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Home > Dictionary of Science Quotations > Scientist Names Index W > Alfred North Whitehead Quotes > Fact

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Alfred North Whitehead
(15 Feb 1861 - 30 Dec 1947)

English mathematician and philosopher who worked in logic, physics, and later in his life spent more time on the philosophy of science and metaphysics. He worked with Bertrand Russell on Principia Mathematica which shows that logic underlies all mathematics.



Algebra reverses the relative importance of the factors in ordinary language. It is essentially a written language, and it endeavors to exemplify in its written structures the patterns which it is its purpose to convey. The pattern of the marks on paper is a particular instance of the pattern to be conveyed to thought. The algebraic method is our best approach to the expression of necessity, by reason of its reduction of accident to the ghost-like character of the real variable.
— Alfred North Whitehead
In Science and Philosophy (1948), 116.
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Any ignorance is blank ignorance, because knowledge of any factor requires no ignorance.
— Alfred North Whitehead
'The Relatedness of Nature', The Principle of Relativity (1922, 2007), 22.
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Before the introduction of the Arabic notation, multiplication was difficult, and the division even of integers called into play the highest mathematical faculties. Probably nothing in the modern world could have more astonished a Greek mathematician than to learn that, under the influence of compulsory education, the whole population of Western Europe, from the highest to the lowest, could perform the operation of division for the largest numbers. This fact would have seemed to him a sheer impossibility. … Our modern power of easy reckoning with decimal fractions is the most miraculous result of a perfect notation.
— Alfred North Whitehead
In Introduction to Mathematics (1911), 59.
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I regret that it has been necessary for me in this lecture to administer such a large dose of four-dimensional geometry. I do not apologize, because I am really not responsible for the fact that nature in its most fundamental aspect is four-dimensional. Things are what they are; and it is useless to disguise the fact that “what things are” is often very difficult for our intellects to follow.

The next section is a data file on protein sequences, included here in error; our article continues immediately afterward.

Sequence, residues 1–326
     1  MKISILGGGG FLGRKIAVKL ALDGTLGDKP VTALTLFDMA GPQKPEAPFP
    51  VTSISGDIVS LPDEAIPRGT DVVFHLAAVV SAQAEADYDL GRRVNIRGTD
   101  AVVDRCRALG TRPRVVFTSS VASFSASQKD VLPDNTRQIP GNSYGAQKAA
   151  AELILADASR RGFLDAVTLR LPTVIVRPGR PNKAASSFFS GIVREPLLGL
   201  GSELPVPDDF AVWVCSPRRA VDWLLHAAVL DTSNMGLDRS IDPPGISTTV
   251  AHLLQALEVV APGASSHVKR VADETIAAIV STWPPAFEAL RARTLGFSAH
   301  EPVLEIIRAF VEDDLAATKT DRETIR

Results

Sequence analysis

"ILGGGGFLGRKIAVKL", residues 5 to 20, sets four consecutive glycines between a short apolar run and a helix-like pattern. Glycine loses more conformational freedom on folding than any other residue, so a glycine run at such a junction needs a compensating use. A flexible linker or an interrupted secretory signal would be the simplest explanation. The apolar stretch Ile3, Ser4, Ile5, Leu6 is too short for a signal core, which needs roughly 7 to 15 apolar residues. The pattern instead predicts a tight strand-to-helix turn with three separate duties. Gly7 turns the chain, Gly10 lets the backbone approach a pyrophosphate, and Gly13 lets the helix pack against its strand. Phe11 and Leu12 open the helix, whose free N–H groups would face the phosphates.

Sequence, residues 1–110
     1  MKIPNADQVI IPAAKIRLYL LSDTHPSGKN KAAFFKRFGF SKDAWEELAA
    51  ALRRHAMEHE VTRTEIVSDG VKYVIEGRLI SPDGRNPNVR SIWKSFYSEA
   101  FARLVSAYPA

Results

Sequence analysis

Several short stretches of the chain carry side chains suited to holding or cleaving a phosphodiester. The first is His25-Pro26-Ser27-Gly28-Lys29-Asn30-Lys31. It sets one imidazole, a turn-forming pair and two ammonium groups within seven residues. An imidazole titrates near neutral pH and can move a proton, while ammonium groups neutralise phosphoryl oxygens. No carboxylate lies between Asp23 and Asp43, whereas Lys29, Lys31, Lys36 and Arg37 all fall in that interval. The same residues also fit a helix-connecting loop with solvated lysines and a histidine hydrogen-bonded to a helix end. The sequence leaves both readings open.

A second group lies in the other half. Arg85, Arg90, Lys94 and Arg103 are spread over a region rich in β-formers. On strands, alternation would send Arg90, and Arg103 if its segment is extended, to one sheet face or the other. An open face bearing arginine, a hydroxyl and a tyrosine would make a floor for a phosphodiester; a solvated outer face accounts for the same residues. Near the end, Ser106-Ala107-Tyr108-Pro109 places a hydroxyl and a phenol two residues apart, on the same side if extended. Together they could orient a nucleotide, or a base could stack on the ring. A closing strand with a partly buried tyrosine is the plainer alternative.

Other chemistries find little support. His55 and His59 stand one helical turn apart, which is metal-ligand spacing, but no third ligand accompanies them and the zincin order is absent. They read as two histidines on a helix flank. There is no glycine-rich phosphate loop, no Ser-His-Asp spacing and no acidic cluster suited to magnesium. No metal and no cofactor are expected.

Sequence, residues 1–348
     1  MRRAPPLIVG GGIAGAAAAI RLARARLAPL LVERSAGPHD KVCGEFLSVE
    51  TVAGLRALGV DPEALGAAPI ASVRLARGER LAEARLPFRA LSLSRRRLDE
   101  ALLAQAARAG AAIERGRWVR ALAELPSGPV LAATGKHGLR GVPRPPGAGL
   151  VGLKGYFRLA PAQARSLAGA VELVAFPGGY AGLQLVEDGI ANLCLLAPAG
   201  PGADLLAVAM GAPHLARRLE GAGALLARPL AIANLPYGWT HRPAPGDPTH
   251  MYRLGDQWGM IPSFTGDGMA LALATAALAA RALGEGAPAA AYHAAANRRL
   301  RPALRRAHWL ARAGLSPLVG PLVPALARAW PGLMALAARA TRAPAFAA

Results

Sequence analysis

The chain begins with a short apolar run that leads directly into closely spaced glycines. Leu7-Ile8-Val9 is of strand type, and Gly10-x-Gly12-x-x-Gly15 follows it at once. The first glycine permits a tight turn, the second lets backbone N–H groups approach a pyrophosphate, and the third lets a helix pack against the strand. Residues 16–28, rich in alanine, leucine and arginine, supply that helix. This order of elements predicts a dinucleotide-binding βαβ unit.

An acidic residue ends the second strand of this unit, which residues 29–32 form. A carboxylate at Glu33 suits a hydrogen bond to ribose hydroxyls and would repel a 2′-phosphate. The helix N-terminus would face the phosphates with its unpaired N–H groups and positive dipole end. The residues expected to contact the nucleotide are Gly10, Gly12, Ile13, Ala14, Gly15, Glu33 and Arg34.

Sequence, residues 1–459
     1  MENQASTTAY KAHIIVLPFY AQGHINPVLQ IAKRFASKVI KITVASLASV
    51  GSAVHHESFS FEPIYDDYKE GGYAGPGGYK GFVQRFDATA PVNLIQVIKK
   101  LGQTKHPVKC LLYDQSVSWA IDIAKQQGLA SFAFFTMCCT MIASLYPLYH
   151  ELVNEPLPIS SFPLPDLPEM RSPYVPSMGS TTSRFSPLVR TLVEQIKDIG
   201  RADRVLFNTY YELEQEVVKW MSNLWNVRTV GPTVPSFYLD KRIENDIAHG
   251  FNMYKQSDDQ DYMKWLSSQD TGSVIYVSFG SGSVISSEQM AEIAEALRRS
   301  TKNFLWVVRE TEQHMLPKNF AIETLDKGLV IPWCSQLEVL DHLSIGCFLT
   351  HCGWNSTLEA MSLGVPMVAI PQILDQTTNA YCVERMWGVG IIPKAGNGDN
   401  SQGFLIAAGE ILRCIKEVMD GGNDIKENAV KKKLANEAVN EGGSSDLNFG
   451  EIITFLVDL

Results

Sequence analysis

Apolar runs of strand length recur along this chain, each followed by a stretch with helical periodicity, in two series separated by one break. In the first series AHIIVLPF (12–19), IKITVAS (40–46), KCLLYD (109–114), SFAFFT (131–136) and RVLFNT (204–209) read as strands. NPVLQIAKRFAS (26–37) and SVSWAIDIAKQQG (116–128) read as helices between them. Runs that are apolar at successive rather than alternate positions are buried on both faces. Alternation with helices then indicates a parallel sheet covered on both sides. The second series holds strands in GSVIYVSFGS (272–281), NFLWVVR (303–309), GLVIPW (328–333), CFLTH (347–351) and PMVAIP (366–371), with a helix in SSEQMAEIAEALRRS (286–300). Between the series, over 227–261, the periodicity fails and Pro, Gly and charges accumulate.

— Alfred North Whitehead
From The Concept of Nature (1920, 1964), 118.
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In the study of ideas, it is necessary to remember that insistence on hard-headed clarity issues from sentimental feeling, as it were a mist, cloaking the perplexities of fact. Insistence on clarity at all costs is based on sheer superstition as to the mode in which human intelligence functions. Our reasonings grasp at straws for premises and float on gossamers for deductions.
— Alfred North Whitehead
In Adventure of Ideas (1933), 91.
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It is a temptation for philosophers that they should weave a fairy tale of the adjustment of factors; and then as an appendix introduce the notion of frustration, as a secondary aspect. I suggest to you that this is the criticism to be made on the monistic idealisms of the nineteenth century, and even of the great Spinoza. It is quite incredible that the Absolute, as conceived in monistic philosophy, should evolve confusion about its own details.
— Alfred North Whitehead
In Modes of Thought (1938), 69-70.
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Our problem is, in fact, to lit the world to our perceptions, and not our perceptions to the world.
— Alfred North Whitehead
In The Organisation of Thought: Educational and Scientific (1917), 228.
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The aim of science is to seek the simplest explanations of complex facts. We are apt to fall into the error of thinking that the facts are simple because simplicity is the goal of our quest. The guiding motto in the life of every natural philosopher should be, Seek simplicity and distrust it.
— Alfred North Whitehead
In The Concept of Nature: Tarner Lectures Delivered in Trinity College, November 1919 (1920), 163.
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The art of reasoning consists in getting hold of the subject at the right end, of seizing on the few general ideas that illuminate the whole, and of persistently organizing all subsidiary facts round them.